New Slow City: Living Simply in the World’s Fastest City

new slow city

“We…left our 1,600-square-foot Queens townhouse…and moved into…a 340-square foot ‘micro-apartment’….”

– William Powers, New Slow City

Thanks to Tammy Strobel of Rowdy Kittens, I received a free copy of New Slow City: Living Simply in the World’s Fastest City, by William Powers. New Slow City describes a couple’s attempt to live a minimalist life in Manhattan.

You might recognize Powers as the author of Twelve by Twelve: A One-Room Cabin Off the Grid and Beyond the American Dream, which I read and blogged about last year.

“We’ll live a minimalist, leisure-rich, spiritually mindful 12×12 life in the world’s fastest city.”

– William Powers, New Slow City

As part of this experiment, Powers and his wife Melissa move to a tiny apartment, and Powers resolves to work no more than two days a week.

I doubt it will surprise you that two people sharing a 340 square foot apartment find it pretty tight quarters. Turns out the bathroom door doesn’t even have room to close if someone is sitting on the toilet.

While there’s not much to be done about that problem, they end up getting rid of a bunch more stuff than they had planned in order to make the apartment feel livable. Powers says, “Melissa and I both feel our well-being rise in proportion to what’s been shed.”

“I’ve decided to take back my time, but not all of it. I’m going to teach.”

– William Powers, New Slow City

Turns out that working two days a week may not be ideal after all. Powers quickly finds that five days a week of leisure isn’t all it’s cracked up to be, and begins volunteering.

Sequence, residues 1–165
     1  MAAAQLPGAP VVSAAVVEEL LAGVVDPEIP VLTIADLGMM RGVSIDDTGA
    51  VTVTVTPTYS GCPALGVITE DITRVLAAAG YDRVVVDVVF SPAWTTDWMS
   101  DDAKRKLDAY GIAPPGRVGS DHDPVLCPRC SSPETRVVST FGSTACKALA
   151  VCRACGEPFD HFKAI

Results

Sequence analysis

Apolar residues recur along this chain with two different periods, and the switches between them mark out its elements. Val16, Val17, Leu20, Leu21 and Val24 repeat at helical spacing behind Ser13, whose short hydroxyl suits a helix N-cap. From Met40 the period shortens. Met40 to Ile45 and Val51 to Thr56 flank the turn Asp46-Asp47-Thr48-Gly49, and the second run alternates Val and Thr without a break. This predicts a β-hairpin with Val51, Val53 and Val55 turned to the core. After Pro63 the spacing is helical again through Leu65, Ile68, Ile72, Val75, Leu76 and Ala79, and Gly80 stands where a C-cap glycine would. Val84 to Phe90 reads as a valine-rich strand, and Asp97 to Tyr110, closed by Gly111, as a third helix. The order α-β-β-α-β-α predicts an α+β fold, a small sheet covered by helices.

He cites John Drake for the idea that “it’s not enough to just eliminate the labor that’s causing unhappiness; it’s also key to fill the vacuum with activities that nourish you.”

Powers eventually decides to teach a class on sustainable development at New York University, in addition to continuing his writing career.

“This doesn’t feel like avoiding the rat race. It feels like mooching off it.”

– William Powers, New Slow City

Powers (and his wife) begin taking advantage of all the free food and activities they can find. It doesn’t take long, though, before Powers realizes this isn’t what slow living means.

“Slow is not about gaming the system,” he says. “It’s not about protecting one’s mellow. It’s not about me. There’s something far deeper. It absolutely has to be about us.”

He and Melissa begin to think of ways to help more people. “Having come to a golden fork in the road,” he says, “we’ll use it to feed others.”

Do you want to read New Slow City?

I’d like to pass on my copy of the book. If you’re interested in winning it, please leave a comment below, describing your current top priority for simplifying your life.

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2 thoughts on “New Slow City: Living Simply in the World’s Fastest City

  1. I couldn’t agree more with Power’s assessment that life without work is what makes one happy. Nor is gaming the system. I love to work but also on my own terms. There needs to be balance in these spheres of our life.

    As to how I plan to simplify my life further that’s a hard one. What I am working on is a way to provide more of my basic needs and become self-reliant. That means extending the amount of food I grow and put up.

I'd love for you to share your ideas and experiences.